A Thief of Time

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Harper Collins, Jan 5, 1990 - Fiction - 334 pages
40 Reviews

At a moonlit Indian ruin—where "thieves of time" ravage sacred ground in the name of profit—a noted anthropologist vanishes while on the verge of making a startling, history-altering discovery. At an ancient burial site, amid stolen goods and desecrated bones, two corpses are discovered, shot by bullets fitting the gun of the missing scientist.

There are modern mysteries buried in despoiled ancient places. And as blood flows all too freely, Navajo Tribal Policemen Joe Leaphorn and Jim Chee must plunge into the past to unearth an astonishing truth and a cold-hearted killer.


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Review: A Thief of Time (Navajo Mysteries #8)

User Review  - Amber Foxx - Goodreads

I've read this book before. I recently read a sequel to it, Anne Hillerman's Spider Woman's Daughter. I knew what was going to happen, and yet I got totally wrapped up every page. Hillerman's writing ... Read full review

Review: A Thief of Time (Navajo Mysteries #8)

User Review  - Goodreads

I've read this book before. I recently read a sequel to it, Anne Hillerman's Spider Woman's Daughter. I knew what was going to happen, and yet I got totally wrapped up every page. Hillerman's writing ... Read full review


Section 1
Section 2
Section 3
Section 4
Section 5
Section 6
Section 7
Section 8
Section 13
Section 14
Section 15
Section 16
Section 17
Section 18
Section 19
Section 20

Section 9
Section 10
Section 11
Section 12
Section 21
Section 22
Section 23

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Page 1 - THE MOON HAD RISEN just above the cliff behind her. Out on the packed sand of the wash bottom the shadow of the walker made a strange elongated shape. Sometimes it suggested a heron, sometimes one of those stick-figure forms of an Anasazi pictograph. An animated pictograph, its arms moving rhythmically as the moon shadow drifted across the sand. Sometimes, when the goat trail bent and put the walker's profile against the moon, the shadow became Kokopelli himself. The backpack formed the spirit's...
Page 324 - ... postponement. Solving the problem of what to do about Brigham Houk would take more than one trip down the river. And if he had to stick around, he might as well withdraw that letter. As Captain Nez had said, he could always write it again. Jim Chee noticed Leaphorn was watching him. "You all right?" Chee asked. "I've felt better,
Page 148 - The sheriff hauled everything off, I guess," Leaphorn said. "After they got their photographs." 'That was the plan when I left." Leaphorn didn't comment. He sat silently, considering the destruction below. This ridge was much higher than it had seemed to Chee in the darkness. Shiprock stuck up like a blue thumb on the western horizon seventy miles away. Behind it, the dim outline of the Carrizo Mountains formed the last margin of the planet. The sagebrush flats between were dappled with the shadow...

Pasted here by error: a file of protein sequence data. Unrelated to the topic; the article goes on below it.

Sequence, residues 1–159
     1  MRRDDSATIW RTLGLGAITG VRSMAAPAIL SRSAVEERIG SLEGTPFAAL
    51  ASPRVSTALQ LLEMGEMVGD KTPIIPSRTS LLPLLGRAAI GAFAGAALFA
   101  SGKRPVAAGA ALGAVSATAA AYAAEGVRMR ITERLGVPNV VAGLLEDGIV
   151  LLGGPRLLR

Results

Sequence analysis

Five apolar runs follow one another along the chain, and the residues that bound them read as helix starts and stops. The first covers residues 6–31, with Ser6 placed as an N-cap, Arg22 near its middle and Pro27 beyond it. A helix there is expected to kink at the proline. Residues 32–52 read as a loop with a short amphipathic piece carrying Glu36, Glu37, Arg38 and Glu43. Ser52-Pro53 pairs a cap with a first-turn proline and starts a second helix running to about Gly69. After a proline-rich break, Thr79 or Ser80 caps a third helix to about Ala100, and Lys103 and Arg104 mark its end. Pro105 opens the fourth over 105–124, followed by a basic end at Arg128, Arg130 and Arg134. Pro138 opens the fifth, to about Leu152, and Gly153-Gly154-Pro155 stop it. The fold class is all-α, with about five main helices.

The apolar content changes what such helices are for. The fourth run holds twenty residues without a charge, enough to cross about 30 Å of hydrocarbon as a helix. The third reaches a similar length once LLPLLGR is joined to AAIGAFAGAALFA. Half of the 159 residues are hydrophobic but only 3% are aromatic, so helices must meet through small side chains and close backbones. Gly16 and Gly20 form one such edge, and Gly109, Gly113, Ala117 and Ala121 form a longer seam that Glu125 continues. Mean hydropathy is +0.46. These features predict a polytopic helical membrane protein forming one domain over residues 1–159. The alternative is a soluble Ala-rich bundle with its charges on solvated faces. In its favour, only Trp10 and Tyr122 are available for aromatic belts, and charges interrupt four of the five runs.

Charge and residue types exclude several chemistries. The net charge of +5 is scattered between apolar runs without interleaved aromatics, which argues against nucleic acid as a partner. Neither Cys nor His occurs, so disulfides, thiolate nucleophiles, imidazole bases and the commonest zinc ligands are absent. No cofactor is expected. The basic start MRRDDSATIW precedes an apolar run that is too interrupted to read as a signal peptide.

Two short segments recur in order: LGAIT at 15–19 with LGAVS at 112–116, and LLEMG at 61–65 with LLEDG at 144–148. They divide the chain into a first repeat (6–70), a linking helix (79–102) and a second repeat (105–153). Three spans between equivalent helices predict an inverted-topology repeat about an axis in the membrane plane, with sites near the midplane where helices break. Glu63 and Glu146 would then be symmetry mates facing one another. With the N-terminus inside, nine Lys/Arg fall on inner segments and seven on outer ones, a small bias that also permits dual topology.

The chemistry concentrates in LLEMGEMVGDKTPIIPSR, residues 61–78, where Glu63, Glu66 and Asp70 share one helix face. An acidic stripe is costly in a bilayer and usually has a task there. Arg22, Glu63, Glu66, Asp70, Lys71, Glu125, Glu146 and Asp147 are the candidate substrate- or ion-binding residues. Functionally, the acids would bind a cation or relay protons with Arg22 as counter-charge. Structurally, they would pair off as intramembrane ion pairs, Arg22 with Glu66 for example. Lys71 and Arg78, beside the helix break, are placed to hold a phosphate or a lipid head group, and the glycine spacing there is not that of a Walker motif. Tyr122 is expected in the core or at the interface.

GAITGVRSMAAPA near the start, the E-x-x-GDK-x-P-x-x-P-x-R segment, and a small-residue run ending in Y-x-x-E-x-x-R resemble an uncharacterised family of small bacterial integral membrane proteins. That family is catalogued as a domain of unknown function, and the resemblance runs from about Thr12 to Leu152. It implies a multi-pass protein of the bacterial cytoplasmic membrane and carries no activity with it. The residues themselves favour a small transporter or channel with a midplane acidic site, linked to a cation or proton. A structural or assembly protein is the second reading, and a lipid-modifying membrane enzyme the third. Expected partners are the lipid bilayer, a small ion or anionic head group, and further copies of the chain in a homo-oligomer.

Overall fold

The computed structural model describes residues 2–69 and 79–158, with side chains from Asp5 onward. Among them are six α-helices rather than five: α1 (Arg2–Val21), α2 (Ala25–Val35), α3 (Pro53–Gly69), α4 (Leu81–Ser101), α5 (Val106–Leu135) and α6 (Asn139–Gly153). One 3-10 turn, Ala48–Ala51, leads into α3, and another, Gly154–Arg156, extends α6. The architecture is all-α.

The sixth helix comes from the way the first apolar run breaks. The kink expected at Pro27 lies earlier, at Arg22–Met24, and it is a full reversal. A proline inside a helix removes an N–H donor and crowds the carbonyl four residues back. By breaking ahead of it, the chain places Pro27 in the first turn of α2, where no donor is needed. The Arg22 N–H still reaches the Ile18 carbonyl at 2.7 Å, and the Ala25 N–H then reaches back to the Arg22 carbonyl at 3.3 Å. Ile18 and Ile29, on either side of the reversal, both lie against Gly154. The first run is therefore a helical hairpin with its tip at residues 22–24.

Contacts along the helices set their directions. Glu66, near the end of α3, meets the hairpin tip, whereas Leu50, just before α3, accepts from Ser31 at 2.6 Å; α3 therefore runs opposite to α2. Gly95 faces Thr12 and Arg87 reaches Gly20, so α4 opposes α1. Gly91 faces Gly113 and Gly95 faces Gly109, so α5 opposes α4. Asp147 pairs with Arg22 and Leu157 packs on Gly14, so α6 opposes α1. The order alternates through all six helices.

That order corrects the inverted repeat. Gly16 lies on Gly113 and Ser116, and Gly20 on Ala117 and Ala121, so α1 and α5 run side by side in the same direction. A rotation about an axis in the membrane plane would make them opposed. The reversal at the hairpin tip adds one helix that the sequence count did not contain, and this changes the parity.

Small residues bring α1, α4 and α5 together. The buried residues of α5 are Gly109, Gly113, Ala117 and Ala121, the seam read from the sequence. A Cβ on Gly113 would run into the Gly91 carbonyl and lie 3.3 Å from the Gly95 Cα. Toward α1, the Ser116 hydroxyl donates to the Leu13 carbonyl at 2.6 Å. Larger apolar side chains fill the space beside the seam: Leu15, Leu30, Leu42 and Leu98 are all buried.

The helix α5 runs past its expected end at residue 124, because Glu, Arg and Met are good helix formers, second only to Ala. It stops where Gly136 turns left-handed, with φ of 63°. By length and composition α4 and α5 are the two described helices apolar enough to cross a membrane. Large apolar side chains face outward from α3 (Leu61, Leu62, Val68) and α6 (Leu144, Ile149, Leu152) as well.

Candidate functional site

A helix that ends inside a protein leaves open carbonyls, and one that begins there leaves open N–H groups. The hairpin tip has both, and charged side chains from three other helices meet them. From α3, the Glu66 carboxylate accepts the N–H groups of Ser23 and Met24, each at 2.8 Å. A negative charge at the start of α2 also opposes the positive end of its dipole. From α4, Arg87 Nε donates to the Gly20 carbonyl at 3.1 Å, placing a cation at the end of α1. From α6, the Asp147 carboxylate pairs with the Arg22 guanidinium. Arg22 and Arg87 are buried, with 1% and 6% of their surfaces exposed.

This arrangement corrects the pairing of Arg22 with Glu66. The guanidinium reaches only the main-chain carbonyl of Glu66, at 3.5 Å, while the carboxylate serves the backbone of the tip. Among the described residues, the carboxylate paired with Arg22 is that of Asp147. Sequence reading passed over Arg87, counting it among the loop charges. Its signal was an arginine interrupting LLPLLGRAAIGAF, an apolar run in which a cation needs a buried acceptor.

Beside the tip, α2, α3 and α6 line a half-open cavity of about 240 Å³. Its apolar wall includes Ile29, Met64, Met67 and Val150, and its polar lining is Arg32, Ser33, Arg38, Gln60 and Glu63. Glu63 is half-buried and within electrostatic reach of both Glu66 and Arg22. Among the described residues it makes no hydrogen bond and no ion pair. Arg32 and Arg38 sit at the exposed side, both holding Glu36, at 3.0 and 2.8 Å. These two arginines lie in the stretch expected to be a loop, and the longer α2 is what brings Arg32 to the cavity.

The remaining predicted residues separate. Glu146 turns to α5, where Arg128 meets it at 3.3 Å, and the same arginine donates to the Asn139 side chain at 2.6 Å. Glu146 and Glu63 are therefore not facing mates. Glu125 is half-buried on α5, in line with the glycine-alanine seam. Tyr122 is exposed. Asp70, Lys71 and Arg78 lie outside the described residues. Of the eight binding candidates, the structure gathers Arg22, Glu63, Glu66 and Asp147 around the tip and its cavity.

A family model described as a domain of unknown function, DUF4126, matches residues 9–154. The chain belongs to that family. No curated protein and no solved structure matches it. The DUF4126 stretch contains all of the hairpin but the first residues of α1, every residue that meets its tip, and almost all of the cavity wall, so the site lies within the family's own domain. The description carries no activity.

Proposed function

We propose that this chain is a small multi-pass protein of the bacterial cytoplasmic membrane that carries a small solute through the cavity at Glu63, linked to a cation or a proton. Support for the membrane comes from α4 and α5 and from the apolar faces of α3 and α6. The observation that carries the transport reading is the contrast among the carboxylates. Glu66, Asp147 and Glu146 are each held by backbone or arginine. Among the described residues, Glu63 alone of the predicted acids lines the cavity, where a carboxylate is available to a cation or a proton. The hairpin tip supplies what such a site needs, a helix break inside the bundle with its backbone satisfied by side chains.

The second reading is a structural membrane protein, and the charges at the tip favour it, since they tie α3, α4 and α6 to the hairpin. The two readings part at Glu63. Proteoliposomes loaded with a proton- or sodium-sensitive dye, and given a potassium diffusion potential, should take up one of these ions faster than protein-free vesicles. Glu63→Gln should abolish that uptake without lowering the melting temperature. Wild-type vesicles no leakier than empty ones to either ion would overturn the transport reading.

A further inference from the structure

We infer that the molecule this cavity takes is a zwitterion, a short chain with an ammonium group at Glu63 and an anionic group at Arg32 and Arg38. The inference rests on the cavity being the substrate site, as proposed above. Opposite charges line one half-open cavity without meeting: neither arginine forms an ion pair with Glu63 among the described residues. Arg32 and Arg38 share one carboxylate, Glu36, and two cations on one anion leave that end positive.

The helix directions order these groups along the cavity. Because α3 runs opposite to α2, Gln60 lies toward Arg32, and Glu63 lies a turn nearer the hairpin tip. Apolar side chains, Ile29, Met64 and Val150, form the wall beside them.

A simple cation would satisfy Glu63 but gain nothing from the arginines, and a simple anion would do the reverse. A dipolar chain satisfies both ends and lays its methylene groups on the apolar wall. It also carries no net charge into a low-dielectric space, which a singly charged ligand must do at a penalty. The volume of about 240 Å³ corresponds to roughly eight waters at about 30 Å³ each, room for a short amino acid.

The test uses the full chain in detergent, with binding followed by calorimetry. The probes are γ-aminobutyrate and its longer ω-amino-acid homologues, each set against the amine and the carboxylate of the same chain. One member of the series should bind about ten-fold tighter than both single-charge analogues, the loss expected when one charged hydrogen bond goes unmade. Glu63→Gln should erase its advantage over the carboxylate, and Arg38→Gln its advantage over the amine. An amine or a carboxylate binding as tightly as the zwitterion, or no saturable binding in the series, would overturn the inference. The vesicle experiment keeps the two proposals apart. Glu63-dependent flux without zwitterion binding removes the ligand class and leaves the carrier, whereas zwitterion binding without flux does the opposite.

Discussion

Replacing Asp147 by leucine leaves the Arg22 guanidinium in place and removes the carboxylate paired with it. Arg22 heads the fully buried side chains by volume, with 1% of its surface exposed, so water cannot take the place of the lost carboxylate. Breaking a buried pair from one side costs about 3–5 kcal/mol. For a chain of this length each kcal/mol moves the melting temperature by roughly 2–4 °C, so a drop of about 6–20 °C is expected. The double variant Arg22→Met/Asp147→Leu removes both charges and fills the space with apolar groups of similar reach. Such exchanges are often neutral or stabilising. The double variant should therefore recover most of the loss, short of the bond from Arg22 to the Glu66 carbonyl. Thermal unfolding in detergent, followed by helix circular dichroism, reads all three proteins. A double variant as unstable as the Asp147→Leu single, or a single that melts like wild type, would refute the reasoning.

Page 74 - An' so when I was a boy, I would go with my uncle and we'd carry a bundle of aghaal up there, and we'd stick those prayer sticks up in a shrine we made up there and we'd chant this prayer. And then sometimes we'd go over to Gobernador Knob. . . ." Nakai gestured toward the east. "Over there across Blanco Canyon where First Woman and First Man found the Asdza'a' Nadleehe', and we would leave some of those aghaal over there.
Page 59 - Chee described how he had picked up a man who came to be Janet Pete's client, and had tried to have him kept in the Farmington jail until he had a chance to talk to him, and how sore Pete had been about it. 'Tough as nails," Chee said. "Not my type. Not unless I kill somebody and need a lawyer.
Page 1 - Waterspr inkier had taken visible form. If an Anasazi had risen from his thousand-year grave in the trash heap under the cliff ruins here, he would have seen the Humpbacked Flute Player, the rowdy god of fertility of his lost people. But the shadow was only the shape of Dr. Eleanor Friedman-Bernal blocking out the light of an October moon.
Page 152 - But I'm not a civilian yet," he added, "and what we have here is peculiar. This overlap, I mean. We have Dr. Friedman-Bernal being a ferocious collector of this kind of pottery." Leaphorn tapped the potsherd with his forefinger. "We have Jimmy Etcitty killed here digging up this sort of pot. This same Jimmy Etcitty worked over at Chaco where Friedman-Bernal worked. This same Jimmy Etcitty found a pot somewhere near Bluff which he sold to a collector who sold it to an auction house. This pot got FriedmanBernal...

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About the author (1990)

Tony Hillerman (1925–2008), an Albuquerque, New Mexico, resident since 1963, was the author of 29 books, including the popular 18-book mystery series featuring Navajo police officers Jim Chee and Joe Leaphorn, two non-series novels, two children’s books, and nonfiction works. He had received every major honor for mystery fiction; awards ranging from the Navajo Tribal Council's commendation to France 's esteemed Grand prix de litterature policiere. Western Writers of America honored him with the Wister Award for Lifetime achievement in 2008. He served as president of the prestigious Mystery Writers of America, and was honored with that group’s Edgar Award and as one of mystery fiction’s Grand Masters. In 2001, his memoir, Seldom Disappointed, won both the Anthony and Agatha Awards for best nonfiction.

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